XpertTip No. 101: Student Blogs: Fill in the Blanks

When it comes to social media, Chris Brogan is one of the coolest kids in the sandbox. Mostly because he gets that the zeitgeist of the web is social — it’s about people and conversations, not technology.

He recently did a great post entitled “20 Blog Topics to Get You Unstuck.” It made me think of all of those student bloggers out there, anxiously staring at blank screens and wishing some “admissions blogger muse” would enlighten their thoughts and bring poetry to their paragraphs.

Well, if there is an admissions blogger muse, she certainly eludes me (hopefully not on purpose;) Lucky for me though, looking outside of higher ed for inspiration usually does the trick. And this week, Chris Brogan provided just the sort of inspiration I needed.

In his post, he provided a nice list of questions to get the creative juices flowing — but what really caught my eye was the “Fill in the Blanks” section. So simple, yet so creative. I decided student blogs needed their own edition.

“Fill in the Blanks: Student Blogs Edition” is meant to help you breathe new life into those sometimes-stale accounts of life on your campus. Hopefully you’ll find this little exercise both timely and helpful.

[Dislaimer: Adrienne can not be held responsible if they run a little wild with this. So don't forget to remind them of your expectations and set some parameters. It is college after all;]

Here are a few starters that could help your bloggers next time they’re hard-pressed for a topic:

  • I chose this school because ________________.
  • ___________ was the biggest issue I faced freshmen year, but I was able to _____________ and now it’s all good.
  • Talk about life-changing experiences! _______________ was something that changed the way I look at the world.
  • My favorite meal in our dining hall is _____________. I usually get ________________ with _____________. Yummy.
  • My weekend was ___________. I ended up going to _____________ with _____________ and we ______________.
  • _____________ was definitely my favorite class I’ve taken so far because Dr. _____________ really helped me ___________.
  • My biggest piece of advice for prospective students is ______________.
  • ______________ has to be my favorite place on campus. It’s just so ______________.
  • If you asked me what I’m going to miss most about this school when I graduate, it’s ______________________.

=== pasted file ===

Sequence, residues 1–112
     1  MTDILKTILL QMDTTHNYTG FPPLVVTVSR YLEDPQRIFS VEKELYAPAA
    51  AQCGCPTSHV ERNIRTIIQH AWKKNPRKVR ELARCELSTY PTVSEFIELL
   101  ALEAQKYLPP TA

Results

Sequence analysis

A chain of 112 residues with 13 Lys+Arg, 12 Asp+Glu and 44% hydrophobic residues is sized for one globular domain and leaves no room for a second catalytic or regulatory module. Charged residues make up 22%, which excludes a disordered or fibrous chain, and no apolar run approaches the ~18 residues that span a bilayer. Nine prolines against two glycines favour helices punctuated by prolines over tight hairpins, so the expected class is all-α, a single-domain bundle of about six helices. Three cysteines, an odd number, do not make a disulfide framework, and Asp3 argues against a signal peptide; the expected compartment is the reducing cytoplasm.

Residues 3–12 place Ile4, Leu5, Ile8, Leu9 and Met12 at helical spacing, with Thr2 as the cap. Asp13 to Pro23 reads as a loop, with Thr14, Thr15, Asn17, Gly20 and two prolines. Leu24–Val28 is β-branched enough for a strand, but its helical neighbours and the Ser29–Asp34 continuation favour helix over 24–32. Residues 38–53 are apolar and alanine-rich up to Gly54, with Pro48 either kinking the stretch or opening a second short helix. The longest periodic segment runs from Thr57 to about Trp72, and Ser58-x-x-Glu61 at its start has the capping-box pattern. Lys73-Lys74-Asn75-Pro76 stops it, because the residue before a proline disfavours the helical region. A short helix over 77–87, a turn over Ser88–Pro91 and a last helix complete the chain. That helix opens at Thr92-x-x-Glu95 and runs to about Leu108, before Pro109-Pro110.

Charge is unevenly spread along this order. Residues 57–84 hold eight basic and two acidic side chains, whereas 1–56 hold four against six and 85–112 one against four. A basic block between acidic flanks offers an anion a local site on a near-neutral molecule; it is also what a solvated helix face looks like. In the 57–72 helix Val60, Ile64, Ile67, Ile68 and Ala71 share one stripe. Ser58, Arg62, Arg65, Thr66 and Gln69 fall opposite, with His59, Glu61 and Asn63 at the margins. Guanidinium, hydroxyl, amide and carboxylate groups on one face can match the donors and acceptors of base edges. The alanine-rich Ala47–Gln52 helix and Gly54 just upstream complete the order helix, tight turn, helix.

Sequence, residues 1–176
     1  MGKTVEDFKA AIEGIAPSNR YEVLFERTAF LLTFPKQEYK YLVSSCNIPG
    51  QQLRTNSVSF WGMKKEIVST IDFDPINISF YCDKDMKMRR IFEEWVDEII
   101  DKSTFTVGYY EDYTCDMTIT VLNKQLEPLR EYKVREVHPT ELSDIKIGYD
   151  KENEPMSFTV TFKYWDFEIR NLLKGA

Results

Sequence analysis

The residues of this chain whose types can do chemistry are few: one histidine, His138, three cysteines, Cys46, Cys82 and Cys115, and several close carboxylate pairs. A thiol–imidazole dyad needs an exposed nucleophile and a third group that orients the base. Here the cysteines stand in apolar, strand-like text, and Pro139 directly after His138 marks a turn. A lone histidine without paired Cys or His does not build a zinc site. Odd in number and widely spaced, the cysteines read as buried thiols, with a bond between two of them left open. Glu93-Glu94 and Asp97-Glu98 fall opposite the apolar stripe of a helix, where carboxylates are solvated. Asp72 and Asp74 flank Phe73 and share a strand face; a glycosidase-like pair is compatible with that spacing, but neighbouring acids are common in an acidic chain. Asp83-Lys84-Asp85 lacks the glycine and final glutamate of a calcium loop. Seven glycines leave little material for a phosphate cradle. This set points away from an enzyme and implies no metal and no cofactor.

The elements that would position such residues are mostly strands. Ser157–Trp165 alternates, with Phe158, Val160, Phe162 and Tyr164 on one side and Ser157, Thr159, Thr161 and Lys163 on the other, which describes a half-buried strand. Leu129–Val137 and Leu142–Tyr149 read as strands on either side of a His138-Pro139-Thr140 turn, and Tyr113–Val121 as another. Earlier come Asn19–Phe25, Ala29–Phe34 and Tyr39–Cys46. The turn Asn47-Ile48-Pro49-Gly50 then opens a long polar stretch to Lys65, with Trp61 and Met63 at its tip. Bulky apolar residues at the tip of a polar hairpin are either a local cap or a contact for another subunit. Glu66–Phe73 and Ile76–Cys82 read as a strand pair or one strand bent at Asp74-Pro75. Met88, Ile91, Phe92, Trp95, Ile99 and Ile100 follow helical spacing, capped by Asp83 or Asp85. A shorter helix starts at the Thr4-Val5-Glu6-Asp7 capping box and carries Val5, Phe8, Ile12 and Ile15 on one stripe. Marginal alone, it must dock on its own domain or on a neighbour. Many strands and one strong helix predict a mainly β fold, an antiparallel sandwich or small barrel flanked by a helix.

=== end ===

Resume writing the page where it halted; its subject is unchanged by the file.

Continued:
• One of the biggest lessons I’ve learned here is _____________________.
  • The thing that worried me the most about going to college used to be __________________, but now ____________________.
  • My favorite off-campus place to eat and hang out is ________________. You can get there by ________________.

Obviously your students can (and should) reword this, but I think you get the point.

At their core, blogs are websites that help you manage conversations. And in higher ed’s case, they can be an incredibly powerful way to connect those “in the know” current students with prospects who just want the skinny on where they’ll be spending the next four years.

So call a meeting. Announce it on Facebook. Do whatever you have to do to get your bloggers together. Then break this out and have a little fun while you encourage them to create great content.

I’m no muse — but I’ll be darned if they can’t figure out what to post about after this one;)

Adrienne

P.S. My thanks to Chris (@chrisbrogan) for being so cool when I wrote to him on Twitter to introduce myself and tell him I was going to mention him in my post today (he responded within an hour). Now I’ve made a connection with someone whose work I’ve followed and admired for a long time. The power of the social web at work!

4 thoughts on “XpertTip No. 101: Student Blogs: Fill in the Blanks

  1. Brilliant! The best way to use almost anything I write is to turn it around and make it useful to your audience. I’m excited for your lessons, and I think it’s a really great way to extend the value.

    Thanks for sharing.

    Reply
  2. Thanks so much for the post Adrienne. I am putting your ideas to work immediately :)

    Reply
  3. Ken,

    Thanks so much — so glad you find them helpful.

    Be sure to let us know how it goes!

    Reply

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